Heagonal lattice and hexagonally close-packed crystal
Hexagonal lattice and hexagonally close-packed crystal.
The blue circles symbolize the lattice points of the hexagonal Bravais lattice and some atom. The pink circles symbolize only the atom and for hexagonally close-packed elements it is same kind as the blue ones; Cobalt (Co), or Zinc (Zn), for example. There are two atoms in the base.
In the case of the face-centered cubic Bravais lattice, putting one atom on each lattice point does produce a close-packed crystal.
However, nobody can keep me from putting two or three atoms in the base, for example like this:
Fcc crystals
Crystals with an fcc lattice and two or three atoms, resp., in the base. The blue circles symbolize latice points and atoms, the other one only atoms.
On the left we have the diamond-type crystals, on the right the zirconium-oxide type crystals.
You figure out the the base. What we get this way are many kinds of different crystals for the same lattice, depending on what groups of atoms or bases we put on a lattice point.
Note that the two crystals above, while made from a close-packed lattice, are not close-packed crystals!
Note also that I could have claimed, for example, that the blue atoms are iron, and the green or red atoms are carbon. On paper a lot is possible. Mother nature, however, does not give a damn about my or your claims; she just will not comply. Not everything you can draw on a piece of paper will be possible. Only combinations of atoms that "want" to crystallize in some specific way will be found as real crystals. While it is easy to analyze an existing crystal, it is not so easy to predict how a bunch of atoms will crystallize.
In the examples given so far, we had the base of atoms put on a lattice point in some special way. There are, in principle, other ways too. If we pick some alternative, we get yet another crystal for the same lattice. Here is a simple example:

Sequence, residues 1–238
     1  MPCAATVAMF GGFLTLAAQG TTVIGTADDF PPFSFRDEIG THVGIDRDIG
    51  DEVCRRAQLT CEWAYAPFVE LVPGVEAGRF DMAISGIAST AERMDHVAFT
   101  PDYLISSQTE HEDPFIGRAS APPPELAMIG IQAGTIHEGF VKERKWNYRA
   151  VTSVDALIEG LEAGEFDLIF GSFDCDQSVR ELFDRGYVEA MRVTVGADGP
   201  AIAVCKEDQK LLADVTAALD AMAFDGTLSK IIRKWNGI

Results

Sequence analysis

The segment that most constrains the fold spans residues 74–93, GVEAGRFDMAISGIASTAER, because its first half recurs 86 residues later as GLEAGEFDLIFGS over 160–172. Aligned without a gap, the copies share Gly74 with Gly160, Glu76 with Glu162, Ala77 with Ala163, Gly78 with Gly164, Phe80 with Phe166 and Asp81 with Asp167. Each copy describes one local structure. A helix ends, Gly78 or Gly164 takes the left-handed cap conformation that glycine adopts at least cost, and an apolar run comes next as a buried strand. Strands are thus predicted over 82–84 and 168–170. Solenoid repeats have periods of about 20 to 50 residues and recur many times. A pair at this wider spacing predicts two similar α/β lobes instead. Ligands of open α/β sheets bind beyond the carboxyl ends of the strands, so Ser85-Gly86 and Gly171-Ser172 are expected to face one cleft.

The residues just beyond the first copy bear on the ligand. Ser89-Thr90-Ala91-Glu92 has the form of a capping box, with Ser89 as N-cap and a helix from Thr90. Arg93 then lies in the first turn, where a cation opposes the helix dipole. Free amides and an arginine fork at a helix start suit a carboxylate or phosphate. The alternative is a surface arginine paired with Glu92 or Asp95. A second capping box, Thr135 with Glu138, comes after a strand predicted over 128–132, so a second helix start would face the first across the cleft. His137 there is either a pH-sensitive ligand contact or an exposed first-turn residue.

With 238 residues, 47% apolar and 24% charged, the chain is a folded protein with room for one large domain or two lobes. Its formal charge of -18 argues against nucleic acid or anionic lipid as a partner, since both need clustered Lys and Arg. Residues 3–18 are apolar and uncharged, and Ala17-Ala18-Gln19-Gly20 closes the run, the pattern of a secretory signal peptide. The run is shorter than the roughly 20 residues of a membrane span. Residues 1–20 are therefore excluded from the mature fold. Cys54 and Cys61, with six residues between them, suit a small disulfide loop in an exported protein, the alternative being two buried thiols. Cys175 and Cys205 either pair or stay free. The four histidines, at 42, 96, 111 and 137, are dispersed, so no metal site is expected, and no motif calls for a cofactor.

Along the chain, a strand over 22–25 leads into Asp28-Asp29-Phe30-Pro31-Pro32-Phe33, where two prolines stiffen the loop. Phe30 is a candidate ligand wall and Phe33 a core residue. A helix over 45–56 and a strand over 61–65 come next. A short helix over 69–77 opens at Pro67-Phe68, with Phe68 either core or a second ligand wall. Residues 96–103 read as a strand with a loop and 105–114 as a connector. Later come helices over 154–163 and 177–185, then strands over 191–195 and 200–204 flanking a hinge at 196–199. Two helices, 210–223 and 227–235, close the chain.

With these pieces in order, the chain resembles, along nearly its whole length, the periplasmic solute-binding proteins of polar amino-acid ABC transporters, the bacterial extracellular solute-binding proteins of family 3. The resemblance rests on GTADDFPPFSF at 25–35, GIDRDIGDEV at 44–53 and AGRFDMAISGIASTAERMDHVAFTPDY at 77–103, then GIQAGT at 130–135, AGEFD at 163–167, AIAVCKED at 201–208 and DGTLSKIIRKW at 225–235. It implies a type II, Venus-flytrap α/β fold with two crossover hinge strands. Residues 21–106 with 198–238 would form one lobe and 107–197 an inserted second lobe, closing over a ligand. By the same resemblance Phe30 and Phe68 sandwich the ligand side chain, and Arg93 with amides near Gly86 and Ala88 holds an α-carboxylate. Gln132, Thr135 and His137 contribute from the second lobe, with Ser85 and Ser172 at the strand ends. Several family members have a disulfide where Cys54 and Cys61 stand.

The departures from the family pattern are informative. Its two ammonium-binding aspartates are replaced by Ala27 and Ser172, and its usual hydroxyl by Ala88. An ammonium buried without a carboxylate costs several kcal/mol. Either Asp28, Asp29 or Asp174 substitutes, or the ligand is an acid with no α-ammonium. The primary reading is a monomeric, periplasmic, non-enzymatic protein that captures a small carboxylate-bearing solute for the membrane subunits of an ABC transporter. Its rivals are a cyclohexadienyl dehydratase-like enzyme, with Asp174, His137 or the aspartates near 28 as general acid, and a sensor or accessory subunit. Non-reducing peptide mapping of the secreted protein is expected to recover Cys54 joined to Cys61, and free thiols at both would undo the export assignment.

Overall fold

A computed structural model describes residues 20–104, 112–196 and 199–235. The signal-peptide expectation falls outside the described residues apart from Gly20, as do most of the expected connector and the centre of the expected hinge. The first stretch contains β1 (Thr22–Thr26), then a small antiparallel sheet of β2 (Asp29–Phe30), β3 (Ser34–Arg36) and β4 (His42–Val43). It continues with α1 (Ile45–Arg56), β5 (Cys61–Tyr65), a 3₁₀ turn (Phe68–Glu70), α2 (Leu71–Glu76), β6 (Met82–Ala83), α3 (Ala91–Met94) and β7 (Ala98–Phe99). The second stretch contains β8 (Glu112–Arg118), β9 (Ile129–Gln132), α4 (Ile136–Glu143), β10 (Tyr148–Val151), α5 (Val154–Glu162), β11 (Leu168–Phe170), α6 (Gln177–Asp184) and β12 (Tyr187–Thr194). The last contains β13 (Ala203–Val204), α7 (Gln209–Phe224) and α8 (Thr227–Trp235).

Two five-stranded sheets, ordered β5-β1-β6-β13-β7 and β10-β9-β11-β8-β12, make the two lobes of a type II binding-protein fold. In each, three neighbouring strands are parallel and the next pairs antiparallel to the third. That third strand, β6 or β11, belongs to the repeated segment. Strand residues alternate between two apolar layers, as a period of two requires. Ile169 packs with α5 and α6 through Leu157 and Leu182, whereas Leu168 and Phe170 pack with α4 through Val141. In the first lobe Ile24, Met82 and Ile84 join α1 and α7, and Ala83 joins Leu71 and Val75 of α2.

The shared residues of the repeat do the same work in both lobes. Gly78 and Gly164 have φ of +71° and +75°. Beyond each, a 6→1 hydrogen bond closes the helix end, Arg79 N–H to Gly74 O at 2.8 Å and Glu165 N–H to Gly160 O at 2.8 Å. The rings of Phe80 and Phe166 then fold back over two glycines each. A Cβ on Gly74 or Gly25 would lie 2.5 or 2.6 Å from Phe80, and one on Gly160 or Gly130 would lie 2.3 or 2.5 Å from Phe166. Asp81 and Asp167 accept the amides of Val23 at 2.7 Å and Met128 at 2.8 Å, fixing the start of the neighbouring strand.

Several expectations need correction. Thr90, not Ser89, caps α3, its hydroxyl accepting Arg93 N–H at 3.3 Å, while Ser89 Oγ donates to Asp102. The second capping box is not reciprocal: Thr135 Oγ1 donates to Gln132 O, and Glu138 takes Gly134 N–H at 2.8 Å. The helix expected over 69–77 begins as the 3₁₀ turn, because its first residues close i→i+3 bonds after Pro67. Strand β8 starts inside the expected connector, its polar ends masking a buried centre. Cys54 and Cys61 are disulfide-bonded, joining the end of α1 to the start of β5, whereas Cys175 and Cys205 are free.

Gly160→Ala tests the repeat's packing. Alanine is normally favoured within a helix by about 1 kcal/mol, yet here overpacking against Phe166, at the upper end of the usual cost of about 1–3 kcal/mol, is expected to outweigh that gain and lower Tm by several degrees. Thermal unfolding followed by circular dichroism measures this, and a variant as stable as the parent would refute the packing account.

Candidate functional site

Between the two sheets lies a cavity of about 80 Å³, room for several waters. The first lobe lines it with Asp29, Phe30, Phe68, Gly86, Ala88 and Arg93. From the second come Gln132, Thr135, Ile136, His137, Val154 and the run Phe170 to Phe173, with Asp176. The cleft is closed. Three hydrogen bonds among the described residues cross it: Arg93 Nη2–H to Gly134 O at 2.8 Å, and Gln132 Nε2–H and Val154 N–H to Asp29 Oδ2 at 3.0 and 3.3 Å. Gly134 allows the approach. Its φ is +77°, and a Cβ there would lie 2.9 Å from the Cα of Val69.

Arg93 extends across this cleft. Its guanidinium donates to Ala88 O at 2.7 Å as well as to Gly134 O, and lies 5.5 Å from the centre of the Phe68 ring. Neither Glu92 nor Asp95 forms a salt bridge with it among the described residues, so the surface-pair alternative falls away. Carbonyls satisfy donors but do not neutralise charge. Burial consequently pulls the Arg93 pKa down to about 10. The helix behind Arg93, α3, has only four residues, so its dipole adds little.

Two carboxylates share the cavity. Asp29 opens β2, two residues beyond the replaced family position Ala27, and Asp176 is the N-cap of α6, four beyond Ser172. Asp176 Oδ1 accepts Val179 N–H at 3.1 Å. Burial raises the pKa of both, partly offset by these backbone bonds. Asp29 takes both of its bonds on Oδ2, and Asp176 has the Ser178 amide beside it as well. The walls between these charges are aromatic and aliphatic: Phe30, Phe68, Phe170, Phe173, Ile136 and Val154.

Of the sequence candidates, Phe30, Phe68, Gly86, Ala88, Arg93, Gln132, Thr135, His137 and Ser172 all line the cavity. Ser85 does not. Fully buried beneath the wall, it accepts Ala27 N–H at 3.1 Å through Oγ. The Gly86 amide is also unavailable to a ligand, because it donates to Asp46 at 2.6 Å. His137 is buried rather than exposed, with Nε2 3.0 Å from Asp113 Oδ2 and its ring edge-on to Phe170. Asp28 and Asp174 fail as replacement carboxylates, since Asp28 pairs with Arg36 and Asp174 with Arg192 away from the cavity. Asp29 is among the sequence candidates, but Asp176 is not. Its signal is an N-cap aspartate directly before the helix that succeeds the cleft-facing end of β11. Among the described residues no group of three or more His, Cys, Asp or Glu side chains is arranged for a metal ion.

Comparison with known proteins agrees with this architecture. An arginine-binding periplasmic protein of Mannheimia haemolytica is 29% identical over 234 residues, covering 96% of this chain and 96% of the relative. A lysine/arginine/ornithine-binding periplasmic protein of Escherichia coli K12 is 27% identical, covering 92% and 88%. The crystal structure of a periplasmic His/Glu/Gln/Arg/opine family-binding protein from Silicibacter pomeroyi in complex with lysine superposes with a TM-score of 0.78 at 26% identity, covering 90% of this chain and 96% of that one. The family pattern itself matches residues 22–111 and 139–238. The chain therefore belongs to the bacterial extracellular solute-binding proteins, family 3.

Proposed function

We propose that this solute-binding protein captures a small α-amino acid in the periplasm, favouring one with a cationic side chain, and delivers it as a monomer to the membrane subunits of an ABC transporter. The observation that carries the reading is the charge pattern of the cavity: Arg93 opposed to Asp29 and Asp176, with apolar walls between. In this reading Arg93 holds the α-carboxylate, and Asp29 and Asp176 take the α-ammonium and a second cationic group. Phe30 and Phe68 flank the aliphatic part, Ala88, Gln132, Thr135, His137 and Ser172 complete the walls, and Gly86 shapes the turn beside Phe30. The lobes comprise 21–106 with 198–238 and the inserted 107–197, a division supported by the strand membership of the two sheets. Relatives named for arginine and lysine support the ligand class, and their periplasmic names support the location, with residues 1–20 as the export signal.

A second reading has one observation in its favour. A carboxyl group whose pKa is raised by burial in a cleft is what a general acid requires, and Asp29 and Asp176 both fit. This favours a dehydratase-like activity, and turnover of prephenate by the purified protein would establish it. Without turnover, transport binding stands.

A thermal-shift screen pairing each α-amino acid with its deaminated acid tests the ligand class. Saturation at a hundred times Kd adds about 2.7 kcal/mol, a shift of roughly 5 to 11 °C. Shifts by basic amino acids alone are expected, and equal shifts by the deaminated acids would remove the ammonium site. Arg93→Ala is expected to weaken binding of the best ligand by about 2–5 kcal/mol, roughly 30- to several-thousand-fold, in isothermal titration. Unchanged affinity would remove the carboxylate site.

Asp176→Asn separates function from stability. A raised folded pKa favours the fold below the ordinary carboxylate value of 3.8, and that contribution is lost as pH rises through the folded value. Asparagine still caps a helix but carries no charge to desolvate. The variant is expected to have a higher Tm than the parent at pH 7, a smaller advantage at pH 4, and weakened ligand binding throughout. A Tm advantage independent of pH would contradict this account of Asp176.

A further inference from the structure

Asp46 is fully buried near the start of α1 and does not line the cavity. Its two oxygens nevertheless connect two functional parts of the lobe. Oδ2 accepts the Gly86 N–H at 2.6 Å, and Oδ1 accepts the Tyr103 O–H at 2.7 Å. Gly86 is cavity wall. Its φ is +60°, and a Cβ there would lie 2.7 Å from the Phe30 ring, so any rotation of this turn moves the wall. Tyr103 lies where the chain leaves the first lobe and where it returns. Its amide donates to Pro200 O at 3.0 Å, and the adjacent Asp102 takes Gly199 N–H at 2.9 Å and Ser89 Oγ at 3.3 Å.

Lattice, base and crystal.
Two quite different crystals with a cubic primitive lattice (red dots) and the same base (black rectangle) but arranged differently on the lattice points.
Same lattice, same base - but different crystals.
Note once more: The fact that you can draw this, does not mean that you can make it. Typically, only one of the many possibilities will be realized with real atoms at a given temperature.
Now you have at least a vague idea, why there are 230 different combinations (or "point groups") of bases and Bravais lattices as claimed in the main text.
In the Hyperscript are several modules related to this topic and many examples for lattices and crystals. Go and find them yourself!

With frame With frame as PDF

go to Invention or Discovery?

go to 4.2.2 Being Iron

go to History of Carbon

go to Group 1 / IA; Alkali Group

go to Group 2 / IIA; Alkaline Earth Metals Group

go to Group 12 / IIB; Scandium Group

go to Group 12 / IIB; Titanium Group

go to Group 5 / VB; Vandium Group

go to Group VIB; Chromium Group

go to Group 7 / VIIB; Manganese Group

go to Group 8 - 10 / VIIIB; Iron - Platinum Group

go to Group 11 / IB; Copper Group

go to Group 12 / IIB; Zinc Group

go to Group 13 / IIIA;

go to Group 14 / IVA; Carbon Group

go to Group 15 / VA; Nitrogen Group

go to Group 16 / VIA; Chalkogenides or Oxygen Group

go to Group 18 / VII; Noble Gases

go to Group 1/ I; Hydrogen

go to Group 3 / IIIB; Lanthanides or "Rare Earths"

go to Group 17 / VIIA; Halogens

go to Bravais Lattices and Crystals

go to Alloying Elements in Detail

go to Crystal Models

go to Transmission Electron Microscopes

go to Producing "Nirvana" Silicon or Nearly Perfect Silicon Single Crystals

go to Needle Scanning Microscopes

go to Light Microscopes

go to Microscopes for Science

© H. Föll (Iron, Steel and Swords script)